Sunday, December 23, 2012

Lankavatara Sutra and the One Vehicle Lineage

The “Sutra of Going Down to Lanka” (Lankavatara Sutra) is the most important sutra in relation to Bodhidharma and the Zen lineages of his Dharma descendants. I follow the lead of D.T. Suzuki in viewing the Lanka as one of the Ekayana (One Vehicle) sutras including the Avatamsaka,White Lotus of the True Dharma, Queen Srimala’s Lions Roar, Great Dharma Drum, etc. Each of these sutras provides a different perspective, but the common basis is the One Vehicle. In this way, the Avatamsaka Sutra provides the One Vehicle view of the metaphysics of Buddha Dharma. The Lotus Sutra provides the One Vehicle view of skillful means and the arousal of faith in the Buddha Dharma. The Queen Srimala’s Lion’s Roar Sutra provides the One Vehicle perspective on the Dharmabody and the realization of the bodhisattva path with the prediction of Buddhahood for a lay person who is a woman, as well as placing the Tathagata-garbha teaching within the context of the One Vehicle.
The Lankavatara Sutra is special because it is a compendium of the primary teachings of the Buddha Dharma, and provides the One Vehicle view on each of the teachings. What this means is that the Lanka is essentially and primarily the teaching of the synthesis of the Buddha Dharma and takes great pains to show them all together in a coherent tapestry of the Buddha Dharma.
Thus the various sections take up the teachings of the Two Vehicles of listener disciples (sravakas) and the causally awakened (pratyekabuddhas) or the Three Vehicles which are the Two Vehicles plus the bodhisattva vehicle. Section by section the Lanka articulates these teachings in the context of the One Vehicle. For example, the Lanka takes up the Four Noble Truths, the Five Dharmas, the Three Self-natures (trisvabhavas), the Six Paramitas, the Eight Consciousnesses, the Ten Bodhisattva Stages, etc. and for each of them provides the One Vehicle view of how each is a teaching and a discrimination of mind about manifesting Buddha Nature.
In outliine, the One Vehicle includes the following points of perspective.
(1) Buddhism (i.e., following the Buddha Dharma) is the religious practice of the One Mind of Buddha as the practice of manifesting our Buddha nature;
(2) the One Mind is known by many names such as Dharmakaya (the body or essence of Dharma), Buddha-nature, Tathagata-garbha (the Inner-One-Who-Comes-Thus), sunyata (Emptiness), alaya-vjnana (the Storehouse of Consciousness), the bhutakoti (Reality- Limit), the signless, the Dharmadathu (Dharma Realm), paramartha (the ultimate truth), etc., and everything that is differentiated in consciousness is a discrimination of Mind and nothing but Mind which is known as the "mind-only" (cittamatra) teaching;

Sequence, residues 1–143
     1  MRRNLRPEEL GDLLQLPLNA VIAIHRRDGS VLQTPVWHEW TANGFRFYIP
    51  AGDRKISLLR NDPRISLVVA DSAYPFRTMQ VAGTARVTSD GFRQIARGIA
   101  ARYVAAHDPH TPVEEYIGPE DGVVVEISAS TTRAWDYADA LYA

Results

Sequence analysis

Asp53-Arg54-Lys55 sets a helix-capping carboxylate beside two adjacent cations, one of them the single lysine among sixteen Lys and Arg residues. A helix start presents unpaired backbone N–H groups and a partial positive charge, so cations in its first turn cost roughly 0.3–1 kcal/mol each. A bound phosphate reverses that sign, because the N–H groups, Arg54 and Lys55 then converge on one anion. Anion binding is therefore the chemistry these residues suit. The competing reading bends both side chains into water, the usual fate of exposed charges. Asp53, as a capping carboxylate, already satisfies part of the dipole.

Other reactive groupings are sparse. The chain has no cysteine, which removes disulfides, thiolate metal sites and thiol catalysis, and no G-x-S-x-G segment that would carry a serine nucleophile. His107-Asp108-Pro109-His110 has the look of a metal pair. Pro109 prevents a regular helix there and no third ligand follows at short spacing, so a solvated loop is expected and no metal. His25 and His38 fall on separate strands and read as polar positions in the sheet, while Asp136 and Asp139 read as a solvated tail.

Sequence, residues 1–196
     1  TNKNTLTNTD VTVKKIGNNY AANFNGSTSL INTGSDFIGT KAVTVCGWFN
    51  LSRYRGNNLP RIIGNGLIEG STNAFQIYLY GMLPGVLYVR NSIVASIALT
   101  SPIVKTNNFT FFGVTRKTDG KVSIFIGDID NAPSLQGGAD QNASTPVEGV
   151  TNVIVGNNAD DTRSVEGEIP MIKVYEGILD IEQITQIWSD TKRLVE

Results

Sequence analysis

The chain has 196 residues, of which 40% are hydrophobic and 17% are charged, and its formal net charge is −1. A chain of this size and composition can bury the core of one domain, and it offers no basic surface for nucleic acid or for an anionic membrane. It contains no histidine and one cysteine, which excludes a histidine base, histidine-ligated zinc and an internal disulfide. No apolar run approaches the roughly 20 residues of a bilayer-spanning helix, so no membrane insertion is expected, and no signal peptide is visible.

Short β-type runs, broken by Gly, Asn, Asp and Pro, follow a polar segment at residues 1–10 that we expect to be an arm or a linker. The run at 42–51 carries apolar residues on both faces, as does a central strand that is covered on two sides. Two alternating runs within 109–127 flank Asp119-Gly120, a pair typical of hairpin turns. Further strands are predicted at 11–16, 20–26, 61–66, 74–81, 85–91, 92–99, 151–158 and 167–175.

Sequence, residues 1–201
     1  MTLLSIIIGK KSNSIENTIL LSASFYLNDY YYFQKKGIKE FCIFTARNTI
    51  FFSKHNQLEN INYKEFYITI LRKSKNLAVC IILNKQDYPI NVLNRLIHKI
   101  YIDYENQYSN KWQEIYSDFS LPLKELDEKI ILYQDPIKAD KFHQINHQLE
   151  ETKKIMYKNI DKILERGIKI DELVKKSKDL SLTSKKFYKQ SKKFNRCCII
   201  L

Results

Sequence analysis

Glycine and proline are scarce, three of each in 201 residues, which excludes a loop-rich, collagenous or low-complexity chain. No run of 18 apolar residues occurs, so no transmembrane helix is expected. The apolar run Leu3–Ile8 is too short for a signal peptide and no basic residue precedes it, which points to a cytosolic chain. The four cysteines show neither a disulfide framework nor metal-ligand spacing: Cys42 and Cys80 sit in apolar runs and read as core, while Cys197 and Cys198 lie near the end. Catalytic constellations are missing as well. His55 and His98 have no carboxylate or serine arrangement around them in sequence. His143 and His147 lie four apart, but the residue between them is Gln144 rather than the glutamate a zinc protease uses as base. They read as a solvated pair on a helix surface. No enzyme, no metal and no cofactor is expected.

(3) since all the teachings of Buddhism, including both Mahayana and the Early Schools (sometimes called Hinayana), are essentially teachings about the One Mind of our own Buddha Nature, they must be taken as an organic whole, and the reconciliation of apparent oppositions or contradictions within the Buddhist teachings is the essence of the synthesis of One Vehicle (Ekayana);
(4) the essential core of all the differences in Buddha Dharma is found in the understanding that Buddha’s distinctive teachings are due to the different audiences to whom the teachings are taught, and that this responsiveness to the particular circumstances is called upaya, or skillful means; 
(5) as all beings manifest equally the One Mind there is an absolute basis (i.e., simultaneously transcendental and immanent) for human equality;
(6) the sole purpose for Buddhas to enter the world is to relieve suffering by bringing people to awakening, and awakening to the absolute basis of the One Buddha Mind is not accomplished as an intellectual pursuit or construction of words or ideas, but must be accomplished by experiential practice leading to the “revolution at the basis,” “turning the light around,” or “turning inward” (paravrtti) that culminates in directly seeing the True Suchness (tathata) of one’s Own-Nature (svabhava); 
(7) since all people have This One Buddha Mind, the nature of the Tathagata, as their common and actual manifestation of their root of awakening there is no fundamental distinction between monk and lay practitioner in the potential for -- or actual realization of -- awakening in Buddhism.
People often mistake the Lankavatara as a Sutra of the Yogacara Buddhist school because the Lanka prominently discusses the Eight Consciousness analysis developed by the Yogacara school, but this is an error.  What the Lankavatara is doing is providing the One Vehicle view of the Eight Consciousness teaching. Similarly, the Lanka provides the One Vehicle view of the chief teachings of the Yogacara and Madhyamaka schools and of Tathagatagarbha movement to show that they are all within the ambit of the One Vehicle. In this way the One Vehicle refuses to place one school above another and shows their mutual significance and validity within the Buddha Dharma. Thus, the Lankavatara is providing the One Vehicle context that brings together the teachings of these three main streams of Mahayana, as well as bringing the streams of the Hinayana or Early Schools within the One Buddha Vehicle.
One reason for the confusion of mistaking the Lanka as a Yogacara sutra is that people are confused about the distinction between the Yogacara teaching of consciousness-only (vijnanamatra or vijnaptimatra) and the One Vehicle's teaching of mind-only (cittamatra).  D.T. Suzuki explained several times in his Studies on the Lankavatara Sutra how, since the time it was first translated by Gunabhadra in the 5th century, there were two primary streams of interpretation of the Lankavatara in China . One stream was the Yogacara because the Lankavatara does affirm the validity of the teaching of the Eight Consciousnesses.  Suzuki articulates how taking this affirmation as a basis for interpreting the Lanka as a Yogacara teaching is misguided.  Here are excerpts of three sections (pages 54-55; 180-183; and 276-282) from Suzuki’s Studies in the Lankavatara Sutra where he discusses the difference between the Lankvatara’s Mind-only and Yogacara’s Consciousness-only views.